**Function**

A modal auxiliary verb gives more information about the function of the main verb that it governs. Modals have a wide variety of communicative functions, but these functions can generally be related to a scale ranging from possibility ("may") to necessity ("must"), in terms of one of the following types of modality:

- epistemic modality, concerned with the theoretical
*possibility of propositions being true or not true*(including likelihood and certainty) - deontic modality, concerned with
*possibility and necessity in terms of freedom to act*(including permission and duty) - dynamic modality, which may be distinguished from deontic modality, in that with dynamic modality, the conditioning factors are
*internal*– the subject's own ability or willingness to act

The following sentences illustrate epistemic and deontic uses of the English modal verb *must*:

- epistemic:
*You*("It is necessarily the case that you are starving.")**must**be starving. - deontic:
*You*("You are required to leave now.")**must**leave now.

An ambiguous case is *You must speak Spanish.* This may be intended epistemically ("It is surely the case that you speak Spanish", e.g. after having lived in Spain for a long time), or deontically ("It is a requirement that you speak Spanish", e.g. if you want to get a job in Spain).

Epistemic modals can be analyzed as raising verbs, while deontic modals can be analyzed as control verbs.

Epistemic usages of modals tend to develop from deontic usages. For example, the inferred certainty sense of English *must* developed after the strong obligation sense; the probabilistic sense of *should* developed after the weak obligation sense; and the possibility senses of *may* and *can* developed later than the permission or ability sense. Two typical sequences of evolution of modal meanings are:

- internal mental ability → internal ability → root possibility (internal or external ability) → permission and epistemic possibility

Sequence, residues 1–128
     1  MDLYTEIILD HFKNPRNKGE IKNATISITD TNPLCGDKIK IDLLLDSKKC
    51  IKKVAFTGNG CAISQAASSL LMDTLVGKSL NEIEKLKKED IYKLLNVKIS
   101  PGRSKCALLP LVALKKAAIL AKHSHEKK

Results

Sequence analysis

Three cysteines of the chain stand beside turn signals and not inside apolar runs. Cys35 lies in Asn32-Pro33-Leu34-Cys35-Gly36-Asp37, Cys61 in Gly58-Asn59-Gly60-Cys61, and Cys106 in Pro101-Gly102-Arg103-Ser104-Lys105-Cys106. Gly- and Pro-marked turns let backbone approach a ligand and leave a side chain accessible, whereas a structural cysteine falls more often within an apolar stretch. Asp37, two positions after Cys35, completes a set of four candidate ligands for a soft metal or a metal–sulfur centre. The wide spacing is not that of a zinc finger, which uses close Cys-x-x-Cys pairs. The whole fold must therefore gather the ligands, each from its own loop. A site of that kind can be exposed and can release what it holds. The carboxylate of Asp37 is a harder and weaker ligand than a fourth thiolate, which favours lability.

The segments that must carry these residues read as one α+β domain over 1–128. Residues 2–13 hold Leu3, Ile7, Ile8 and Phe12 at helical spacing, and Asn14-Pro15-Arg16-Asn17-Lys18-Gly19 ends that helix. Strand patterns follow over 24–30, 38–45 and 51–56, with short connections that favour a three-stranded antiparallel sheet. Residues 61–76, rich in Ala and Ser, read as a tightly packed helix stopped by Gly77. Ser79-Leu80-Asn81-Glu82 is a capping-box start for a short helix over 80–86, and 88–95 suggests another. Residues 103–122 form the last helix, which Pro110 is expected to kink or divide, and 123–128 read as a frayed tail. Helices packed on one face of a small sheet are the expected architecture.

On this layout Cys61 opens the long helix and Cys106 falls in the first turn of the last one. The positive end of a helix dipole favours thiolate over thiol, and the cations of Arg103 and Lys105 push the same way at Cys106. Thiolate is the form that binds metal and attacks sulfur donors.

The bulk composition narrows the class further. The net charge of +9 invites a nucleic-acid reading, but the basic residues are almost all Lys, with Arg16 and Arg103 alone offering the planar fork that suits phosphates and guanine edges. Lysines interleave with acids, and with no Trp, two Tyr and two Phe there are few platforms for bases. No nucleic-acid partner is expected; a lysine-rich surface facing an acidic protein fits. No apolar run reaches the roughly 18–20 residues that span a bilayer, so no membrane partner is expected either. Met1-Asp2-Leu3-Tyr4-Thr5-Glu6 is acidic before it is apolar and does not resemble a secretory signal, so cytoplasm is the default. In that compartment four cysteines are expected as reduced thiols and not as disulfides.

- obligation → probability

Read more about this topic: Modal Verb

### Other articles related to "functions, function":

... For instance, a sequence of

**functions**can frequently be constructed that approximate, in a suitable sense, the solution to a problem ... Then the integral of the solution

**function**should be the limit of the integrals of the approximations ... However, many

**functions**that can be obtained as limits are not Riemann integrable, and so such limit theorems do not hold with the Riemann integral ...

... In general, an integral over a set E of a

**function**f is written Here x need not be a real number, but can be another suitable quantity, for instance, a vector in R3 ... Just as the definite integral of a positive

**function**of one variable represents the area of the region between the graph of the

**function**and the x-axis, the double integral of a positive ... The same volume can be obtained via the triple integral — the integral of a

**function**in three variables — of the constant

**function**f(x, y, z) = 1 over the above mentioned region ...

... and integration are inverse operations if a continuous

**function**is first integrated and then differentiated, the original

**function**is retrieved ... integrals by using an antiderivative of the

**function**to be integrated ...

### Famous quotes containing the word function:

“The intension of a proposition comprises whatever the proposition entails: and it includes nothing else.... The connotation or intension of a *function* comprises all that attribution of this predicate to anything entails as also predicable to that thing.”

—Clarence Lewis (1883–1964)

“The information links are like nerves that pervade and help to animate the human organism. The sensors and monitors are analogous to the human senses that put us in touch with the world. Data bases correspond to memory; the information processors perform the *function* of human reasoning and comprehension. Once the postmodern infrastructure is reasonably integrated, it will greatly exceed human intelligence in reach, acuity, capacity, and precision.”

—Albert Borgman, U.S. educator, author. Crossing the Postmodern Divide, ch. 4, University of Chicago Press (1992)

“We are thus able to distinguish thinking as the *function* which is to a large extent linguistic.”

—Benjamin Lee Whorf (1897–1934)